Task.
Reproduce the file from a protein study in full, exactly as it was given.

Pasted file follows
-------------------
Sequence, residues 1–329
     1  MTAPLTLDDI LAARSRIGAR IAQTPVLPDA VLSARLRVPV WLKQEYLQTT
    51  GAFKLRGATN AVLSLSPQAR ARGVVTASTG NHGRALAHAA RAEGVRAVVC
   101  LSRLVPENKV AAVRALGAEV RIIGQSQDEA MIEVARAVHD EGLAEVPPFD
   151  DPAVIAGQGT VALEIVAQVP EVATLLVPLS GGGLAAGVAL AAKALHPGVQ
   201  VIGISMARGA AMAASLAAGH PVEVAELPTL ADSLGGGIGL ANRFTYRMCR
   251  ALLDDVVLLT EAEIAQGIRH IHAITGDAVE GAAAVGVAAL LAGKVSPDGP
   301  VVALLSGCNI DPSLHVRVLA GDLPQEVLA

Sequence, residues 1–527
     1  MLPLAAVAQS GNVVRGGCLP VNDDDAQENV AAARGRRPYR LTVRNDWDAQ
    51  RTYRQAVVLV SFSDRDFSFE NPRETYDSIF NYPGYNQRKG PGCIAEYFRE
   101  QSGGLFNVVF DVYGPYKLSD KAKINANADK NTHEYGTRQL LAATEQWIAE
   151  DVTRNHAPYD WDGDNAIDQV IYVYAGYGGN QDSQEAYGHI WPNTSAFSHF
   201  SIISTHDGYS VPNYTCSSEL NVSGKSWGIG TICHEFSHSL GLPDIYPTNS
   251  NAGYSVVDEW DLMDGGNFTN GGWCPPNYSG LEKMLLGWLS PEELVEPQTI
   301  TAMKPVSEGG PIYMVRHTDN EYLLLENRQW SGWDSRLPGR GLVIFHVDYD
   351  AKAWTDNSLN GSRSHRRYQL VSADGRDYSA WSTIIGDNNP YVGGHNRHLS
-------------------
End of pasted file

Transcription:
Sequence, residues 1–329
     1  MTAPLTLDDI LAARSRIGAR IAQTPVLPDA VLSARLRVPV WLKQEYLQTT
    51  GAFKLRGATN AVLSLSPQAR ARGVVTASTG NHGRALAHAA RAEGVRAVVC
   101  LSRLVPENKV AAVRALGAEV RIIGQSQDEA MIEVARAVHD EGLAEVPPFD
   151  DPAVIAGQGT VALEIVAQVP EVATLLVPLS GGGLAAGVAL AAKALHPGVQ
   201  VIGISMARGA AMAASLAAGH PVEVAELPTL ADSLGGGIGL ANRFTYRMCR
   251  ALLDDVVLLT EAEIAQGIRH IHAITGDAVE GAAAVGVAAL LAGKVSPDGP
   301  VVALLSGCNI DPSLHVRVLA GDLPQEVLA

Sequence, residues 1–527
     1  MLPLAAVAQS GNVVRGGCLP VNDDDAQENV AAARGRRPYR LTVRNDWDAQ
    51  RTYRQAVVLV SFSDRDFSFE NPRETYDSIF NYPGYNQRKG PGCIAEYFRE
   101  QSGGLFNVVF DVYGPYKLSD KAKINANADK NTHEYGTRQL LAATEQWIAE
   151  DVTRNHAPYD WDGDNAIDQV IYVYAGYGGN QDSQEAYGHI WPNTSAFSHF
   201  SIISTHDGYS VPNYTCSSEL NVSGKSWGIG TICHEFSHSL GLPDIYPTNS
   251  NAGYSVVDEW DLMDGGNFTN GGWCPPNYSG LEKMLLGWLS PEELVEPQTI
   301  TAMKPVSEGG PIYMVRHTDN EYLLLENRQW SGWDSRLPGR GLVIFHVDYD
   351  AKAWTDNSLN GSRSHRRYQL VSADGRDYSA WSTIIGDNNP YVGGHNRHLS